Please note that links to products below are affiliate links and the prices listed are subject to change. Additionally, this is not a comprehensive list and is simply meant to get things started for you.
You don’t need much to get started with podcasting but you can choose from each category to build your own podcast kit. Given the options below, I will list an example pick to get you started.
Hardware can be your friend or worst enemy. The best thing for you to know upfront
Got a mobile phone? You can certainly get away with recording into your phone with whatever app is available or you can download audio recording apps from the respective app stores.
If opting for an XLR microphone, these cannot plug directly into your laptop and you need an intermediary device such as an audio interface.
This interface connects to your computer via USB and allows your computer to see your XLR microphone. This devices also manages the sound processing at a higher level than what your standard computer sound card can do.
Recording / Editing Software
You can record and edit with the software below.
- Mac & Windows:
- Garageband – Free
Tip: Audacity is a popular option for podcasters because it is free and is available on Windows and Mac OSx. Each tool, and there are many more than listed, will have their own learning curve. Hindenburg ups the ante as you get automation features. Audition, and Pro-Tools, take it even further as they are advanced audio production tools.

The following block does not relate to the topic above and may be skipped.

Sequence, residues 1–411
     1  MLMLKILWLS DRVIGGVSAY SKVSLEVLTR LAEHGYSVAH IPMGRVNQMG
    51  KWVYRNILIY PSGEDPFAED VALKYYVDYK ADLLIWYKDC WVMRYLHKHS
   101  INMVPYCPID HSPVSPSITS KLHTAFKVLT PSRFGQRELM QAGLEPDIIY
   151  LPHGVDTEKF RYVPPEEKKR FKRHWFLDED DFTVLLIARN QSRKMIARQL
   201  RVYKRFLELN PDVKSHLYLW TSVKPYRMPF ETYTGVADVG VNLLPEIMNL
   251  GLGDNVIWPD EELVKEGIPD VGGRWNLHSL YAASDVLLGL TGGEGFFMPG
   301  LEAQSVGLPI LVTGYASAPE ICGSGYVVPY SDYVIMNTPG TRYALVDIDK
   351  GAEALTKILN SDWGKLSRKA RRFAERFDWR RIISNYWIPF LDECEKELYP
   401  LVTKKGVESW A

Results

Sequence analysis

Remote Recording Software
Not all of your guests will be local. Here are just a few of the services that are used by fellow community members.
- Squadcast – Record remote interviews with guests. Starts at $9.
- Zencastr – Record remote interviews with your guests.
- Zoom.us – Video communication and meeting platform. Basic plans are FREE.
Typically, you do not want to host your audio files on a standard web host as you’re typically limited with bandwidth but you can certainly get away with it if you own your podcast RSS feed. Either way, if you self hosted you can certainly redirect the feed at a later time. Podcast specific host providers give you lots of bandwidth (this is important for podcasters as their shows grow) but typically limit to the number of podcasts, hours of audio and or the size of the audio file you can upload in a given period of time.
- Bluberry: $12/month (starting)
- Libsyn: $5/month (starting)
- Libsyn OnePublish auto publish with wordpress
- Buzzsprout: Free/month (starting)
- Podbean: Free/month (starting)
- Anchor: Free
Tip: Don’t worry. If you ever decide you want to change hosts, each does provide instructions on how to redirect your podcast RSS feed. What is that? Think of your podcast RSS feed as your website URL but specifically for your podcast. There is much more to it, but that’s all you get for now.
Mic: Blue Snowball | Software: Audacity | Hosting: Podbean
You are not done yet. Once you create your podcast host account to upload your audio, you will receive a special URL to submit to the Podcast Directories. These include direct
For more, check out Buzzsprout’s Directory List.